By the Associated Press,
Berlin*, Sej't. 17.?Government finan
cial experts to-day conlerred with pri
vate bankers on the question of raising
gold credits to meet reparations obllga- I
tions, but failed to make any definite j
arrangement for the payments, the A i
sociated Press correspondent was in- |
formed in official quartern.
Difficulties are being encounterci
from certain industrial groups, particu
larly in the Rhlneland, which ask how
they are to pay for raw materials pur
chased abroad if they surrender their
foreign credits to the state. Director
General Wledfoldt of the Krupp works
recently declared at a meeting of the
Rhenish Westphalian Chamber of Com
merce that such a surrender meant "the
sacrifice of the nation's life blood," an.1
that no one 'vas able to say Whether
even this measure would give satisfac
Another point of controversy Is that
the Rightist parties, which largely rep
resent Industrial and landed interests,
would have an Important part In any
credit arrangement and in return might
demand a proportionately large repre
sentation In the Government.
Newspapers hint that offers of credit
have been received from American.
Dutch and other European financial In
stitution.*, but bankers have made no
announcement!) of this kind. The Vor
waerla doubts the ability of German fin
anciers to raise sufficient funds to meet
the repara.tloni) payment* by voluntary
means. It declares that appropriations
through state legislation alone will
The gravity of the financial situation
has been more generally recognized
among financiers and politicians sine*
the exchanges between bankers and the
There is apparently no tendency to
declare the condition of the currency
hopeless, or to abandon efforts toward
raising the next reparations instalmert,
despite the fact that the ReichsbanU's
gold, amounting to little mote than one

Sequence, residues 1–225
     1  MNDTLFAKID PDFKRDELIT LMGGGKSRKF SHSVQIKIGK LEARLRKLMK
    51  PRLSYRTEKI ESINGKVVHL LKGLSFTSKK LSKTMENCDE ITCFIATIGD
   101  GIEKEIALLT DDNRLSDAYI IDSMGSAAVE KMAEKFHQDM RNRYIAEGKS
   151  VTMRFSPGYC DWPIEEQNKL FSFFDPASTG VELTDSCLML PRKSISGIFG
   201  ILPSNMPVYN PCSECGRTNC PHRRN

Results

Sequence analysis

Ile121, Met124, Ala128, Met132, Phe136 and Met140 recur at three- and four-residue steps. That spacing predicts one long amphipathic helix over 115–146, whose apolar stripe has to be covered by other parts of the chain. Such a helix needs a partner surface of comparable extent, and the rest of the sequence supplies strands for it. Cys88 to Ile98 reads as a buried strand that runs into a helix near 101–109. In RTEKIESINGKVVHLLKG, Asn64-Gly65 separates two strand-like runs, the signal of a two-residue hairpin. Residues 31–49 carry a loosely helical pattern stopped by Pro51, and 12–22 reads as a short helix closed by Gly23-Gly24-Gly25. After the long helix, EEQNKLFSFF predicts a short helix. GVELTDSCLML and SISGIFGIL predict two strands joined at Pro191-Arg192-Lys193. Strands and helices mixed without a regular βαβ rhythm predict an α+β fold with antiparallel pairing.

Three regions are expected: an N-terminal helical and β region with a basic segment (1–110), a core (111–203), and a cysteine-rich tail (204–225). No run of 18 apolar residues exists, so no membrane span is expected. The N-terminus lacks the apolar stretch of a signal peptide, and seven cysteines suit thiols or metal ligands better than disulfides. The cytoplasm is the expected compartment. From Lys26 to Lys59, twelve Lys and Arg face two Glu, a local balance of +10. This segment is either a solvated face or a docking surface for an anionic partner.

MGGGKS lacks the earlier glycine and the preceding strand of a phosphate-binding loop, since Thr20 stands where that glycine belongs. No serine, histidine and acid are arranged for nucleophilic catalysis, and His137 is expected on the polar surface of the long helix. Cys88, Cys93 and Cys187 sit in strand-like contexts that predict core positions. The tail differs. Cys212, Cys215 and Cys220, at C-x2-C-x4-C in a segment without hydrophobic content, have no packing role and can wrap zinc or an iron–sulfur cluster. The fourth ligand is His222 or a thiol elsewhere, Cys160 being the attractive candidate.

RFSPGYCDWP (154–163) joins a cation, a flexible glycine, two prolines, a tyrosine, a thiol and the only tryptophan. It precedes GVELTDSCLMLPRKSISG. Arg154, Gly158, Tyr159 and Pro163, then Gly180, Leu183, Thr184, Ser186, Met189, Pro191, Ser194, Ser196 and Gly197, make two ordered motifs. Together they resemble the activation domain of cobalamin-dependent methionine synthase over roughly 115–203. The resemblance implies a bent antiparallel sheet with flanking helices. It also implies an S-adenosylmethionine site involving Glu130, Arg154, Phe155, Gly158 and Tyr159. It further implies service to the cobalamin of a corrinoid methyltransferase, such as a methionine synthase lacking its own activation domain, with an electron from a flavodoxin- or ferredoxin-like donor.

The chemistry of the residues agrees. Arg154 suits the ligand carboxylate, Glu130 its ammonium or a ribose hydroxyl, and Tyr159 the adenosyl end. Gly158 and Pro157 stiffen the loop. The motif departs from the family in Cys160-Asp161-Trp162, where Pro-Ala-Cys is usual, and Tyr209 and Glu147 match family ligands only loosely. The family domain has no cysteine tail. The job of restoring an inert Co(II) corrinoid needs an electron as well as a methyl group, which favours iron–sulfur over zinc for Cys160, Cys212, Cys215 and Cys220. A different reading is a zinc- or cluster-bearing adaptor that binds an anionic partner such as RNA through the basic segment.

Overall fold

billion marks, cover* the pap?r money
In circulation at the rate of 1.43 pfennigs
to the mark.
"The situation is serious and the ilood
of paper money must be stopped," an
Industrial leader said, "but the dW
culty of finding a way is the crux of the
"Fear that failure to meet our obliga
tions would result in further occupations
of territory, upon which France Is In
sisting," he continued, "has united ail
parties in the belief that nothing should
oe leu undone to raise the necessary
MEDIATION IN FRENCH STRIKE.
Textile Manufacturers Accept
IjII.i.k, France, Sppt. 17.?Representa
tives of textile and other industries In
the region of Koubalx and T.ourcoing.
where the workmen are on strike, have
accepted Premier Briand'g Invitation to
The meeting will be held in the Pre>?
mler's office Monday afternoon.
Fifth Avenue ar 35th Street
SOME OF OUR SMARTEST FASHIONS
FOR WOMEN ARE INEXPENSIVE!
CMALL prices, in themselves, have no merit! It is only
^ when coupled with merchandise of high quality and
undeniable smartness that low prices are interesting.
And that is why we call your particular attention to
of Imported Fabrics
Swagger is the word! English tweeds and plaid
back vicunas are tailored into these "easy-fitting"
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and good looking as one could wish.
Women's Dressy Coats
Crepe de Chine Lined
For Formal Wear, a softer coat, crepe deadline
lined, uses stitching or embroidery for trimming.
The materials are orlando, malta, pollyanna and
marvella?the models are loose or belted- In
malay, sorrento blue, navy, brown and black.
Women's Tailored Suits,
Collared in Fur
Her Tailored Suit should have a fur collar.
Duvet de laine is a very wise choice of material,
and .when a mole collar in choker style tops a
straight unbelted model the result is as smart
as you could wish. Another style fur has
a convertible collar of American broadtail. In
blue, marmot, malay or black. - 55.00
Longer Coats are the features of a particular
group, with collars of beaver or wolf. The
model sketched (on the left) is of mochatex,
with wolf collar. Duvet de laine is another
fabric in this group, that includes black, malay
brown and shades of blue. ? ?? 75.00
(At left) A Dress in surplice style has the odd
collar and sleeve facings of white cordograin
silk. A bloused panel at the back extends al
most to the hem, hanging loose from the belt.
Panel sashes and blouse front are lined with
Another pretty model fat right) is trimmed
with black soutache braid, and little braid balls.
The rolling collar and slim little sash belt are
becoming .... the whole effect particularly
trim and smart. There are other models at
this price, all developed in very fine Poiret twill,
well-tailored and with new, effective details.